AnberlinCities.com is now live. Head there and enter your City Pass that you received with your album.
In honor of Anberlin‘s new album, you can check out a video update from the band below as well as head to their new album inspired website.
On the day before their new album release, Anberlin guitarist Nate Strayer will be moving on and focusing on his other musical interests. The band is stoked for him and wish him the best. Stepping into the second guitar position for the band is longtime good friend, Christian (from Acceptance).
Anberlin, Alesana, and BlessTheFall have been added to the Smartpunk.com stage at this years Warped Tour.
Anberlin – Cities
Classic Case – Losing At Life
Asteria – Slip Into Something More Comfortable
Reel Big Fish/Zolof The Rock And Roll Destroyer – Duet All Night Long
The Ataris – Welcome The Night
Comeback Kid – Broadcasting
Smoke Or Fire – This Sinking Ship
Lovehatehero – White Lies
Big D And The Kids Table/Brain Failure – Beijing To Boston
Cool Hand Luke – Balancing Act
Explosions In The Sky – All Of A Sudden I Miss Everyone
Good Clean Fun – Today The Scene Tomorrow The World
Minus The Bear – Interpretaciones Del Oso
Before I sat down to write this review I replayed Cities over and over under the delusion that if I listened to it enough times maybe I could shake the feeling that I was being cheated. The moment Cities dropped into my mailbox I could feel the excitement coming off me in waves. I was thrilled merely ogling it in its hot plastic casing, yet as soon as I set my ears on Cities I felt like I wanted nothing to do with it.
Now let’s get a few facts straight. Anberlin are one of my favorite bands in the world and I was all over Never Take Friendship Personal like fashion on Rodeo Drive, but someplace between Cites and NTFP, Anberlin went too ‘Pop and Technicolor’ for my tastes. That said Cities is not a bad album by a long shot. However, it stops way short on being one of my favorites. Where Never Take Friendship Personal came across as a poetic take on aggression, Cities confuses me with its continuous tightwalk between unnecessarily artificial and heartbreakingly honest.
With its snarling technical guitars and call and answer style vocals, ‘Godspeed’ reminds me most of Anberlin’s NTFP days. ‘Adelaide,’ meanwhile, could be the next radio/TRL hit waiting to happen. ‘Dismantle. Repair’ is another one of my favorites, painting a vivid story through its lyrical vignettes and harmonic guitar chords. And arguably closer ‘*fin’ does something magically with its chamber choral vocals acting like an invocation of child angels. However, that is where the buck ends as ‘A Whisper & A Clamor,’ while boasting a powerful message, starts lacking a particular energy and ends with even less gas. Acoustic ballad ‘The Unwinding Cable Car’ is a lyrical gem and vocal pleasantry, but quickly degrades into something musically repetitive and lackluster. And forgive me if this offends anyone, but the synth elements of ‘There Is No Mathematics To Love And Loss’ and ‘Reclusion’ are actually slightly irritating to me. Overall, a solid portion of this album struck me as boring and I felt much more compelled to skip tracks here than I ever did during NTFP.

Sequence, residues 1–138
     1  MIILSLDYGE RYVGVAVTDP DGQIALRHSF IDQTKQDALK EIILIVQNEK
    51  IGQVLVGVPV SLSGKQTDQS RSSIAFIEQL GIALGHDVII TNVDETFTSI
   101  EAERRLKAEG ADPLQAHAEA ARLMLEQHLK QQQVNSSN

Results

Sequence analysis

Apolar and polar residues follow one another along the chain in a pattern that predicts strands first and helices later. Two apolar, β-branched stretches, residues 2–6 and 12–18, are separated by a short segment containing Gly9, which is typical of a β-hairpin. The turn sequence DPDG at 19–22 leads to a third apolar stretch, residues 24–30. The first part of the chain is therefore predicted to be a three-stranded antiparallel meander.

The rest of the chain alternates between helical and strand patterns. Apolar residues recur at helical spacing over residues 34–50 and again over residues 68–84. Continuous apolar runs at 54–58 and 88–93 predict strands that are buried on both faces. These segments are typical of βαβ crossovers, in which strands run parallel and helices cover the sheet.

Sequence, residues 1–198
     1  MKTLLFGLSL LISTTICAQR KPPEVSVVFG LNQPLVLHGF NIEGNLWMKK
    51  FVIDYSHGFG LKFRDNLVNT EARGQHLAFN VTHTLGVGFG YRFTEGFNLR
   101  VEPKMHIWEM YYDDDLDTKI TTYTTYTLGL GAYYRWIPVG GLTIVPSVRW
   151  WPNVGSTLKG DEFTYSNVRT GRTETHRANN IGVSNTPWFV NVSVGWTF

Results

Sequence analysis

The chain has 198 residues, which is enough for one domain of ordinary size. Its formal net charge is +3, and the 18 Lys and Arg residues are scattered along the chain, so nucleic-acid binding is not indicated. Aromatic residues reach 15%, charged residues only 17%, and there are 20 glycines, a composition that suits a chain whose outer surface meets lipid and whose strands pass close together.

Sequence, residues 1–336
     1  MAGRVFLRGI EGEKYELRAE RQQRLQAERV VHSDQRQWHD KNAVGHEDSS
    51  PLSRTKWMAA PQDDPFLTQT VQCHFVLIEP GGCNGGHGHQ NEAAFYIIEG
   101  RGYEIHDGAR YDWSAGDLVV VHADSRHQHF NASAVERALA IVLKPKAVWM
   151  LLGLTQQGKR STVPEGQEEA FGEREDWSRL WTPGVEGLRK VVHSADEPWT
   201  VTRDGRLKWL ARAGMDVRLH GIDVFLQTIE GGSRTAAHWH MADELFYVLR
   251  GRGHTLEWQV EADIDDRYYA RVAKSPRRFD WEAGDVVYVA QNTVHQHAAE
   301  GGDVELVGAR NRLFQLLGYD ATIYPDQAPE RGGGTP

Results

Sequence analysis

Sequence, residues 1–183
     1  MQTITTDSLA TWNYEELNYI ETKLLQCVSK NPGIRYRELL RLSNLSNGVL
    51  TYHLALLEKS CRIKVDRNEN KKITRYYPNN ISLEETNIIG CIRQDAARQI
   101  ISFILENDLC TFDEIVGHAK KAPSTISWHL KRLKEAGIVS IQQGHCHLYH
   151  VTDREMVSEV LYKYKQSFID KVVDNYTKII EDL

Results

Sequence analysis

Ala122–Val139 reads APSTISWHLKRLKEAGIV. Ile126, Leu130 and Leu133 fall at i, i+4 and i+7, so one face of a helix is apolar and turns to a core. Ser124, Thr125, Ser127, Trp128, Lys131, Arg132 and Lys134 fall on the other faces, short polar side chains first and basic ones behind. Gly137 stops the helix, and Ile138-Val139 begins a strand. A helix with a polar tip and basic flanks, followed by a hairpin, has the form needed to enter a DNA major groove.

While some would argue this album tests far more musical boundaries than anything Anberlin have offered in the past, I feel as though the band took the concept of unfetteredness too liberally. Older is not synonymous with better, and in some cases going from a state of good to amazing means getting worse first. Like my dad likes to say when he fixes things, “Julie, it’s going to get worse before it gets better.” And for me that’s totally fine. Just because people want Cities to be a step up from NTFP, it doesn’t mean it is. Don’t get me wrong, I definitely think Anberlin are a better band now than they were 2 years ago. Christian’s voice is more dynamic than ever, YoungÃƒ¢Ã¢”š¬Ã¢”ž¢s drumming has improved ten-fold, and Aaron Sprinkle has once again proven why he’s one of the best producers in the scene. In spite of this, something about Cities seems distractingly hit and miss and highly inconsistent.
To make a specific point of this, let me reference Thrice’s 2006 concept album Vheissu. The Artist and the Ambulance found Thrice at the pinnacle of their fanbase and acclaim, yet Vheissu came out of nowhere with it’s unusual un-Thrice sound and left fans feeling more than a little unsatisfied. While the band was as musically apt as ever, Vheissu was not their best album to date. With Thrice’s new 4 element concept album in the works, I’d like to think they have taken the criticism of Vheissu and applied it their new approach, but only time will tell. Likewise, I hope Anberlin will come to realize the missteps taken on Cities and use that to justify creating an album that shine, uplifts, and enthralls from start to finish.
Want the sentence version of this review? Pick up Cities for an above-average tromp through the lyrical stanza’s of Stephan Christian and musical refrains of Joseph Milligan. But if you want substance, staying power, AND sing-along quality go pick up or rediscover 2005’s Never Take Friendship Personal.
4. A Whisper And A Clamor
5. The Unwinding Cable Car
6. There Is No Mathematics To Love And Loss
7. Hello Alone
11. Dismantle. Repair.
Godspeed, Adelaide, (*Fin), Dismantle. Repair
Bryce Jacobson: Be sure to check out the new Anberlin album. Also check out Asteria, who’s new album is out this Tuesday as well.
Check out a video update from Anberlin below.